Thursday, 25 August 2016

Byfield Pocket Park, late August

Another visit to Byfield Pocket Park - an almost weekly event it seems. I passed clumps of Stinking Iris, Iris foetidissima, all of which seemed to be infected with the rust Puccinia iridis. Like most (all?) rusts, this organism has alternate generations, with the other host uncertain, although common nettles are suspected. Some irises are immune to this disease, but it seems that the Stinking Iris is particularly susceptible to attack. 
Leaves of Stinking Iris under attack from Iris Rust.
Byfield, Northants. 24 August, 2016

These rusts are a terrible problem, with outbreaks of the related Wheat Rust, Puccinia triticina, regularly devastating crops in the tropics, particularly in India.

Nearby another plant was under attack, but from a quite different source. Broad-leaved Dock, Rumex obtusifolius, is a very common species of dock, and is indeed quite a serious agricultural pest. Some measure of control is afforded by the anthomyid fly, Pegomya solennis.
As the picture shows, the larvae of this insect cause a large blister-like patch to develop, often covering 50% of the leaf. It won't kill the plant but will debilitate it and perhaps lead to lower seed production.

Broad-leaved Dock under attack by Pegomya solennis  Byfield
Pocket Park. 24 August, 2016
We have about 61 species of Pegomya known from the U.K. and a range of plants may suffer serious attack from other members of this genus.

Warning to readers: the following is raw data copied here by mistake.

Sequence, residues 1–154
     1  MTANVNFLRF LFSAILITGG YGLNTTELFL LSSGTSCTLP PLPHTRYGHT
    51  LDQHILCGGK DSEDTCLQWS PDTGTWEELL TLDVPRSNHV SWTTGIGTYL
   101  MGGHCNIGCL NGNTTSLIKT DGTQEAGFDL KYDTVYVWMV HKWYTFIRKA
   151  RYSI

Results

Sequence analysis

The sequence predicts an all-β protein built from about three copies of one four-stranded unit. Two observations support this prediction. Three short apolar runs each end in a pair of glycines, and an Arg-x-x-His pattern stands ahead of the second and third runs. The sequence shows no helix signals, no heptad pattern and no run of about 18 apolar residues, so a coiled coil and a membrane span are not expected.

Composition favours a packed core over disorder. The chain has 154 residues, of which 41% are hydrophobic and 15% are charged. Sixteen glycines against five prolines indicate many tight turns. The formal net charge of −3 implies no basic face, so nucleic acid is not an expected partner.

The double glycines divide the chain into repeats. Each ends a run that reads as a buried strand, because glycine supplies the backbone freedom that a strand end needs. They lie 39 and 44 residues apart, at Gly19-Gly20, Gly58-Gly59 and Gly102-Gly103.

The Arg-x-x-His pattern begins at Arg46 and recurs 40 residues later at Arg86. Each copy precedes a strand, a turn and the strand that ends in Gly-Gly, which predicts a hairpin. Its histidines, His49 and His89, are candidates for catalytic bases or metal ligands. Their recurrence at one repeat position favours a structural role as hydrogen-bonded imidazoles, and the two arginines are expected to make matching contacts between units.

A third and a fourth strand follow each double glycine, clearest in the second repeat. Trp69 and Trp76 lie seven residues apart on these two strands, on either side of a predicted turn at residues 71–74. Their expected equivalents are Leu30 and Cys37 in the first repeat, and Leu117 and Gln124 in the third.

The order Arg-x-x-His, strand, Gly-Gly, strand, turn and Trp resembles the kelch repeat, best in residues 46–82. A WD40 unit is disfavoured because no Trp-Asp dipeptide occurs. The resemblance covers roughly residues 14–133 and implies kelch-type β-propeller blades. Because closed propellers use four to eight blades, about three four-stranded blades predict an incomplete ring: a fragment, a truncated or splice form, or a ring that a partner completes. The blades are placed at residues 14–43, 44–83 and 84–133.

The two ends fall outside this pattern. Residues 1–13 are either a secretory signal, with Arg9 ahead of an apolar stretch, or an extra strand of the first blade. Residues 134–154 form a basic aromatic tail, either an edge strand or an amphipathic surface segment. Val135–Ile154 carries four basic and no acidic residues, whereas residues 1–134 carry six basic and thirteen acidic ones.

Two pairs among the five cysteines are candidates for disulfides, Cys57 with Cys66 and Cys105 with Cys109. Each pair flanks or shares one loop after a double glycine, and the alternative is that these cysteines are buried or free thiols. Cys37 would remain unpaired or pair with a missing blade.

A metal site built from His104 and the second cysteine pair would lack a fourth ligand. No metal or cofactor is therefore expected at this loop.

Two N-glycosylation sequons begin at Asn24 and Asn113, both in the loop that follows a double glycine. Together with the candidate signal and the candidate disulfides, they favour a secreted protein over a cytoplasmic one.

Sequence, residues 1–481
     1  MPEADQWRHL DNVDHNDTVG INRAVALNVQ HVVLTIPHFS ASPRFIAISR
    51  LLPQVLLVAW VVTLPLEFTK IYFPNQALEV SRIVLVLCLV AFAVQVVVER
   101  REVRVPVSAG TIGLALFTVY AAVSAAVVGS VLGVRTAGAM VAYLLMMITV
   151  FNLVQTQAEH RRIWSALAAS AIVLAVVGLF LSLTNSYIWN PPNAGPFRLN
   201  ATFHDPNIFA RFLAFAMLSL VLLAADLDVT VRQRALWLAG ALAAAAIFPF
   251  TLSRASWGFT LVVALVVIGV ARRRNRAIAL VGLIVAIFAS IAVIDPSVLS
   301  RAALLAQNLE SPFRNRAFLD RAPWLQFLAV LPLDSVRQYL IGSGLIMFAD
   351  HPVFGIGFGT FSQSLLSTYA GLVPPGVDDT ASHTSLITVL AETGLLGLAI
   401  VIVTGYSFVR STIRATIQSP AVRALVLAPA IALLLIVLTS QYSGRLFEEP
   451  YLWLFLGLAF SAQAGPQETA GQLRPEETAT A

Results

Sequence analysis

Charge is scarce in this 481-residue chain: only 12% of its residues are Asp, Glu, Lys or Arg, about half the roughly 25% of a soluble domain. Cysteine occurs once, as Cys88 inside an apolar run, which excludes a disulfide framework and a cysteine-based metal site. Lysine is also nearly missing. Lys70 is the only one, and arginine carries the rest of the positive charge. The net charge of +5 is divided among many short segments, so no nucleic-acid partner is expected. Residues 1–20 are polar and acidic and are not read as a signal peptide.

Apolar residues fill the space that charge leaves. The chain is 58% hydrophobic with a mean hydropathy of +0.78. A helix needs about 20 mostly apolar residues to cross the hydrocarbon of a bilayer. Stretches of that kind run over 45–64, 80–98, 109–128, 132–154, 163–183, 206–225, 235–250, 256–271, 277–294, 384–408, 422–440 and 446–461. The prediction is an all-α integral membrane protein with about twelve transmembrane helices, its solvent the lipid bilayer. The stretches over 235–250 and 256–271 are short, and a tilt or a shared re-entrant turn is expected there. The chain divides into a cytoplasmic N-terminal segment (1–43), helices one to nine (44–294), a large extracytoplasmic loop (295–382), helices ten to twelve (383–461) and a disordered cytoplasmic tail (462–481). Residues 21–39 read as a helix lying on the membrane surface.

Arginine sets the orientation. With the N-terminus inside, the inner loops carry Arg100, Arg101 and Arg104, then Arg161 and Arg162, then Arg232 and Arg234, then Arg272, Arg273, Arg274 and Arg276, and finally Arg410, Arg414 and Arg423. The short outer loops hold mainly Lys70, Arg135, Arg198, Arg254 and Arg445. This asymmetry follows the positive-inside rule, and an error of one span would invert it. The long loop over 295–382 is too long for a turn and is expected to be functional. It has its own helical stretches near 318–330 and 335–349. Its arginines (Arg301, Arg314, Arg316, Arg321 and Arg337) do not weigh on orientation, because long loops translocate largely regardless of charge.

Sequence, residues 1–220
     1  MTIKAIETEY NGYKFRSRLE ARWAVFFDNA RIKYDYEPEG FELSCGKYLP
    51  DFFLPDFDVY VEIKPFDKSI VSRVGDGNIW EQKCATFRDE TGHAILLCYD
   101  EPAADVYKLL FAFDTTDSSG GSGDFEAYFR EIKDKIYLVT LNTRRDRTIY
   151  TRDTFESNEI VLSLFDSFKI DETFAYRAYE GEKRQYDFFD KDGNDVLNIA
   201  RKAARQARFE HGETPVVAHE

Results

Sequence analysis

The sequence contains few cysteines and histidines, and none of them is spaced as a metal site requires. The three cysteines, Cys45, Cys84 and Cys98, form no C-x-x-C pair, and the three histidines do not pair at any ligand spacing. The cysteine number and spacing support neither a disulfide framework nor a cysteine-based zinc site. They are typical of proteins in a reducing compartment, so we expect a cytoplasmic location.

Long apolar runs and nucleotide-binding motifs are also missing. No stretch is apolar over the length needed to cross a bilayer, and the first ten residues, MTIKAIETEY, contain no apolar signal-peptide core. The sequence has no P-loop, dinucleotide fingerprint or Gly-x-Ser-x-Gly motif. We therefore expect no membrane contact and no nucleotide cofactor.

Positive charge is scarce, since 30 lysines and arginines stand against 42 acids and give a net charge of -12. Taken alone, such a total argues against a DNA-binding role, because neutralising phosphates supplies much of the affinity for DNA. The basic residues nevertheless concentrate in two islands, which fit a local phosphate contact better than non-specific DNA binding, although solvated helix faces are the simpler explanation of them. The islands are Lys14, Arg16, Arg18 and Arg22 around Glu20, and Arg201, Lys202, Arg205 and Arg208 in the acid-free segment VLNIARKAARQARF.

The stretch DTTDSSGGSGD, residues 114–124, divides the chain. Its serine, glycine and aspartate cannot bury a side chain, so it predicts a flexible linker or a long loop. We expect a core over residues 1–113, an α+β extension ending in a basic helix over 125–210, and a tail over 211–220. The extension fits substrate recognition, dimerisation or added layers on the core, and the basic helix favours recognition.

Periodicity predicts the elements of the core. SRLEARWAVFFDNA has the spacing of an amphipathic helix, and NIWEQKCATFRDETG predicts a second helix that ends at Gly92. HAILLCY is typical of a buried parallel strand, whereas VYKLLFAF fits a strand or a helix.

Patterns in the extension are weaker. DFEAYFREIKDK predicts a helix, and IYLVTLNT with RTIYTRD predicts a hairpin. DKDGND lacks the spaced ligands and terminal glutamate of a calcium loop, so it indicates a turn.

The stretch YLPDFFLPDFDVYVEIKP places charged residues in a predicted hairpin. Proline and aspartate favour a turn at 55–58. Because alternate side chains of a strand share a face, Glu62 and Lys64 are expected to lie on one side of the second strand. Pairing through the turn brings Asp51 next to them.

There are some days which seem too hot even for insects and today was one of those days. A few butterflies were about and Small Whites were common. A Speckled Wood fleetingly rested on foliage, flicked its wings and flew off.

Speckled Wood on sycamore foliage. Byfield Pocket Park.
 24 August, 2016

One of the 'Blues' was visiting bramble blossom. It refused to open its wings; these creatures don't always as you would wish and I was reminded of a note written by Kenneth Williams in his notorious diaries: '...went to see Ring of Bright Water which was about as bad as you can get in movies. Even the otter was amateur'. However, despite it being shy of the camera it is clearly a Holly Blue, Celastrina argiolus, and appears to be a male.

A solitary Horse Chestnut stands near to the pocket park entrance. Isolated it may be but Horse Chestnut Leaf Miners had sought it out and the leaves were characteristically disfigured. The leaf miner in this case is a tiny moth, Cameraria ohridella.

Horse Chestnut foliage mined by Cameraria ohridella. Byfield
Pocket Park. 24 August, 2016
Although it was first recorded in Britain as recently as 2002 its spread has been rapid. A friend recently remarked that the Sweet Chestnut, Castanea sativa, seems unaffected. In fact the Horse Chestnut, Aesculus hippocastanoides, and the Sweet Chestnut are completely unrelated so one would not expect the latter to be attacked.

I suspect the Horse Chestnut Leaf miner is here to stay as eradication seems very unlikely.

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